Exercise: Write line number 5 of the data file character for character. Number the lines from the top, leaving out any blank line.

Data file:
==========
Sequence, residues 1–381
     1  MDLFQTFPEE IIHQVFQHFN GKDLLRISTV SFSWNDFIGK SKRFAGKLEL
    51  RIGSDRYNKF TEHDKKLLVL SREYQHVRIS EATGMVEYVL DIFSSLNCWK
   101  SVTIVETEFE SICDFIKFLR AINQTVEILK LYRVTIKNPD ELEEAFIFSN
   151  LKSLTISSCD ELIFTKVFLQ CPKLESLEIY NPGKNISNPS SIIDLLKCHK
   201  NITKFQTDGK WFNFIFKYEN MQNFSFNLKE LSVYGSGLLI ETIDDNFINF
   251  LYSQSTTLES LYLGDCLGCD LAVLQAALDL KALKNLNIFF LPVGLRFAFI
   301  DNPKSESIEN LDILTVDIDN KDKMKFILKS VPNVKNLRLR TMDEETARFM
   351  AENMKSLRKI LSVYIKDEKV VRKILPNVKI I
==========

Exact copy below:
   151  LKSLTISSCD ELIFTKVFLQ CPKLESLEIY NPGKNISNPS SIIDLLKCHK